Saints of God, the Lord be with you!
I was the pastor of St. Francis Parish on Long Beach Island, N.J. during “Superstorm Sandy.” We were told to evacuate the island and to take enough clothes for three days. The Poor Clare Sister’s in Chesterfield, N.J. were gracious enough to give me hospitality, and the rest of the friars and sisters stayed with family and friends. Those three days turned into two months being displaced, as we were unable to return to the island with regularity, except for a few hours one day for a “grab and go” to get more clothes. I was able to get into the main church at that time, which had about three feet of bay water in it. Needless to say, I was overwhelmed not only by the damage, but also by the fact that the people of the parish had been scattered far and wide.
Today’s Gospel according to Luke (21: 5-19) reminds the disciples who are marveling at the costly beauty of the Temple that “there will come a time when there will not be left a stone upon another stone.” To the Jews of His day, this must have been shocking since the Temple was the center of their worship.
If the center was gone, what was to become of them? Jesus warns them of the persecution by the authorities and even more shocking, “by parents, brothers, relatives, and friends, and they will put some of you to death.” Despite it all, Jesus reminds them that He, through the Holy Spirit, will guide them and “not a hair of (their) head will be destroyed” if only they persevere.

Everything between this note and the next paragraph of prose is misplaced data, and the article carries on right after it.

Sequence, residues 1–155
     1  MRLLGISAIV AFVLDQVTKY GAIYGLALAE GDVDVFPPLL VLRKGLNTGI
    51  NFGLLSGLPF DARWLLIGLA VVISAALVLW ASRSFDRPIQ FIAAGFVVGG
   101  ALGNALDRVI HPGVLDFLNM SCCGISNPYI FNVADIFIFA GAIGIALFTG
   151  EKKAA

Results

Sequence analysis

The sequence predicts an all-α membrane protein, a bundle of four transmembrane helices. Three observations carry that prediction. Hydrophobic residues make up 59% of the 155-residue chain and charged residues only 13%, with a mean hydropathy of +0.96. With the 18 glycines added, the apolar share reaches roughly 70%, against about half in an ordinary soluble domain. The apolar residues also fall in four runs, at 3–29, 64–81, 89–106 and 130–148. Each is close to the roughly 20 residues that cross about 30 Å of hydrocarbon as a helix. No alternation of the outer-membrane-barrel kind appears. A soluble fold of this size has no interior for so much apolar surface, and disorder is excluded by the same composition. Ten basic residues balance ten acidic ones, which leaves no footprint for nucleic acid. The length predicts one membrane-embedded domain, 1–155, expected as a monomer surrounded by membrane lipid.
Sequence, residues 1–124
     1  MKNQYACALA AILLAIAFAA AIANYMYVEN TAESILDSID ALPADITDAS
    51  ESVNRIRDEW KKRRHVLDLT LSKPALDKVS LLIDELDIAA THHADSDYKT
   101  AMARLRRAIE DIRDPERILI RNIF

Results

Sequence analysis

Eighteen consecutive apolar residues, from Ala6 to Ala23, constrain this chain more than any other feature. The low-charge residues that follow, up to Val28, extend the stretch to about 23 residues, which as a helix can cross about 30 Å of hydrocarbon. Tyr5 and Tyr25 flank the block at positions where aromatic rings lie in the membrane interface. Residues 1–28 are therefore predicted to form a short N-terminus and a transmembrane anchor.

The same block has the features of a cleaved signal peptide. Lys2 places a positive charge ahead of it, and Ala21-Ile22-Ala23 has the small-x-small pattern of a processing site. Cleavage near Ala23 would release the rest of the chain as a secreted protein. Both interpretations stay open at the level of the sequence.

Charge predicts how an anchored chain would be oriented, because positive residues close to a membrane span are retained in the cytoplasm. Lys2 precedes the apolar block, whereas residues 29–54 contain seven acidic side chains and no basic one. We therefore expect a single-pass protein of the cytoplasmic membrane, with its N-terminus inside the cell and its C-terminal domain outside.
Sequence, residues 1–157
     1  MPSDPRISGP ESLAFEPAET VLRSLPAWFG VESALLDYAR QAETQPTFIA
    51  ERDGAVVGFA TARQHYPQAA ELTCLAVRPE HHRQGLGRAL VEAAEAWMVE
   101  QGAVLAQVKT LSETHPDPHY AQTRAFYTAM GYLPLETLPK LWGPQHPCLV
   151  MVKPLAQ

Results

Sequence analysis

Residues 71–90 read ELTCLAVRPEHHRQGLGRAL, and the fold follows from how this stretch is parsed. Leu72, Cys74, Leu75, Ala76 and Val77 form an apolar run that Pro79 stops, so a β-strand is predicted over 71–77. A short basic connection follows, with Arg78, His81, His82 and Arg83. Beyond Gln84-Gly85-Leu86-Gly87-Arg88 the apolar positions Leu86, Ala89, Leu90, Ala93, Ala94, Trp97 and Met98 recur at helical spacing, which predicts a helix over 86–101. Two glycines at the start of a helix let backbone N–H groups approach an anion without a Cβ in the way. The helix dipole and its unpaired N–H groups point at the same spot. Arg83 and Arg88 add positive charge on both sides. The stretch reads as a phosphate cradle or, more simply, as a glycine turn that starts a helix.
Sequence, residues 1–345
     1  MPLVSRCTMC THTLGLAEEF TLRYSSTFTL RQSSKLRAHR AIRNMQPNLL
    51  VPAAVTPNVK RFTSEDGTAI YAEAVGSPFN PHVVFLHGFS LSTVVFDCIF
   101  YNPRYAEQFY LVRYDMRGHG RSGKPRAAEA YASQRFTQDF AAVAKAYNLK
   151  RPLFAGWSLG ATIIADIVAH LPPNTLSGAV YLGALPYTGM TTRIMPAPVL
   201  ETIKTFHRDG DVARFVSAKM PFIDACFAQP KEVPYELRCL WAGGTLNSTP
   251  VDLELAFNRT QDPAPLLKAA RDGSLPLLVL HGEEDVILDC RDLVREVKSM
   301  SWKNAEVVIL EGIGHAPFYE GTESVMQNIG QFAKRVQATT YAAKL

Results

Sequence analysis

Talking to visitors after mass, many people comment on the physical beauty of our church. I tell them that even more beautiful are the people who fill the pews, our parishioners. The church is not simply the building. Rather the Church is all of us: the People of God whom God calls to gather together in the church building to worship, to seek forgiveness, to be nourished through our fellowship with one another, the Word, and the Eucharist, so as to be sent back into the world to live the Good News of Christ’s never ending love for us. As that wonderful hymn says, “How beautiful is the Body of Christ”!
As we quickly come to the end of this liturgical year, let’s look back and see how Christ has repaired and continued to rebuild each of us as individuals and as a community of faith. Let’s also look forward to the coming liturgical year with great expectations for what Christ, through His indwelling Holy Spirit will do in and through us for our parish and the wider community. Let us persevere in faith but let us persevere TOGETHER.
Peace and All Good,
P. S. When all was said and done, St. Francis Church was renovated and continues to be a beacon of Christ’s love and grace on Long Beach Island.